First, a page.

'Imports ban will fuel smuggling'

HARARE - Industry has said government’s recent import restrictions are going to fuel more smuggling into the country, amid indications that Zimbabwe lost an estimated $1 billion to the scourge last year.

Consumer Council of Zimbabwe (CCZ) executive director, Rosemary Siyachitema and Zimbabwe National Chamber of Commerce (ZNCC) chief executive, Christopher Mugaga, recently said the implementation of Statutory Instrument (SI) 64 of 2016 was going to increase smuggling incidents and increase cash leakages.

The two executives told a Confederation of Retailers Zimbabwe meeting in the capital last week that government needed to strictly monitor the country’s various points of entry, to curb smuggling as most of the products restricted under the SI were basic goods.

“What concerns us as a consumer-representing body is the possibility of increased smuggling trafficking. As everyone knows, imports are relatively cheaper than local goods, however, some of the ways the goods are transported may be harmful to the consumer,” Siyachitema said.

Mugaga — who revealed that Zimbabwe had lost an estimated $1 billion last year to smuggling — said the Industry ministry needed to work with customs to ensure the leakages were plugged.

“…especially in view of these new measures, smuggling is going to increase and this will translate to revenue loss for the Zimbabwe Revenue Authority (Zimra). So government needs to ensure that the points of entry are monitored,” Mugaga said.

Industry minister Mike Bimha said his ministry had formed a task force to deal with the matter, adding that its members had already been recruited.

“We had envisioned this problem, so to deal with smuggling we have formed a task force to monitor the borders as well as conduct patrols close to the points of entry to look for anything suspicious and deal with it,” Bimha said, at the same event.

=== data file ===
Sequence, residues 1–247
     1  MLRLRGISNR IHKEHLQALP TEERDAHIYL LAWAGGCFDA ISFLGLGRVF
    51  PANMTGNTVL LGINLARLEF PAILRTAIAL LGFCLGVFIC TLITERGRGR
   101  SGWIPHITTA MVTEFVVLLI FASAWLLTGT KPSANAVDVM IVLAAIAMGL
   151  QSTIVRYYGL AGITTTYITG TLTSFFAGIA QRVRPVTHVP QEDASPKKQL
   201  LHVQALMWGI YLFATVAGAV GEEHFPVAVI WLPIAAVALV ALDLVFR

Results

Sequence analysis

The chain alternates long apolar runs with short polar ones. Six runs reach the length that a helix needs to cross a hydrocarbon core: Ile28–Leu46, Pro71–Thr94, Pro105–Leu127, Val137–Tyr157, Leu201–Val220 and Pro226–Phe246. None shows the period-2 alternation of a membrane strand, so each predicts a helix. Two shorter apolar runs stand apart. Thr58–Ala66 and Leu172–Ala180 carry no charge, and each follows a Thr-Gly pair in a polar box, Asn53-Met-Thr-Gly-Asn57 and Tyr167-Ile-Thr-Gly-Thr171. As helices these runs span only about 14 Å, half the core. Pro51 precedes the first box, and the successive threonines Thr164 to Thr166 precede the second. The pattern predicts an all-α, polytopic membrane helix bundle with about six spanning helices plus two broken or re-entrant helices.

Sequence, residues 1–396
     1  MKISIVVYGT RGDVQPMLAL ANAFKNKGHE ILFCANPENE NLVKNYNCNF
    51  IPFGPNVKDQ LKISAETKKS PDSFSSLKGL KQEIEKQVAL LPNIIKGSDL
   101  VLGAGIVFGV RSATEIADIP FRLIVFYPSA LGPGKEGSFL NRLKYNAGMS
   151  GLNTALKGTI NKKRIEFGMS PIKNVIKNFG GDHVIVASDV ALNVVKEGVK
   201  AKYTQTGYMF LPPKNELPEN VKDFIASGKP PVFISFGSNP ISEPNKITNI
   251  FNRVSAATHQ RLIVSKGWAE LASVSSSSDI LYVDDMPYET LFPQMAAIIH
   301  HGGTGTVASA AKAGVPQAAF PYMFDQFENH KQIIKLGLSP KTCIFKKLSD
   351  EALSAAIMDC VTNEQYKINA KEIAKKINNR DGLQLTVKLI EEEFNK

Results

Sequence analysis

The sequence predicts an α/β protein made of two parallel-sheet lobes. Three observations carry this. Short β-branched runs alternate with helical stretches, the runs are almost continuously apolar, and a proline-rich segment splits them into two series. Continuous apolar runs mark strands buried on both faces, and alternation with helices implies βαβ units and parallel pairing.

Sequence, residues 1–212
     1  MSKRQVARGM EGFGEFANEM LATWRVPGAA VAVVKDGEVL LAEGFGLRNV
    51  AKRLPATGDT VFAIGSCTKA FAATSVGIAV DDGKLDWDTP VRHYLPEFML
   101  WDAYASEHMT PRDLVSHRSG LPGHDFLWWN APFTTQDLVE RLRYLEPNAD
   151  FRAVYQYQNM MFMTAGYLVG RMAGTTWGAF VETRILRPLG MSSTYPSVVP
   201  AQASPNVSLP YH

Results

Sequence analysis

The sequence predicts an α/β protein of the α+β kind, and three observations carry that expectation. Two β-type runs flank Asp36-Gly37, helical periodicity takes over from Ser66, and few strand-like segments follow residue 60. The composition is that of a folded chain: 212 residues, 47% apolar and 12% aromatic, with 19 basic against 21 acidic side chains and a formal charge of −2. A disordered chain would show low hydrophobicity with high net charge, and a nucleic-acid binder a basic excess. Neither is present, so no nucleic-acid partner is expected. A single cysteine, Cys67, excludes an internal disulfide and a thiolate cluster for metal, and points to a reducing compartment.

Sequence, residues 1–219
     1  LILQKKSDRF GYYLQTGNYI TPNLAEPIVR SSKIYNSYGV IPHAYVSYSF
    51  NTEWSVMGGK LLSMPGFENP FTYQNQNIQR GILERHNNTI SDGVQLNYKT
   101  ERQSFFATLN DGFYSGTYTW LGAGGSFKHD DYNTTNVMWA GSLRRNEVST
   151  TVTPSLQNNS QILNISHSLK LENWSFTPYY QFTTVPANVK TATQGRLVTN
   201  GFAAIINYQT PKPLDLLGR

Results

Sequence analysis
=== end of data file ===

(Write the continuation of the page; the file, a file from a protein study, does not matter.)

However, local reports indicate that smuggling traffic has increased since Bimha put in place the SI.

Despite the embargo which blocks the entry of various basic goods, the same products are now being sold from car boots and along street pavements in the country’s various towns.

Smugglers from South Africa — Zimbabwe’s biggest regional trading partner — have access to an estimated 200 illegal entry points along the Limpopo River with alcoholic beverages, cooking oil and potato chips among the items allegedly being illegally brought into the country.

Reports also show that smuggling syndicates have been formed with goods being transported into the country either through corrupt customs officials or illegal entry points.

Zimbabwe attracts goods from all over the world due to the availability of a strong United States Dollar (US$).

Conversely, local products are expensive due to high production costs as most of the costs are pegged in the US$.

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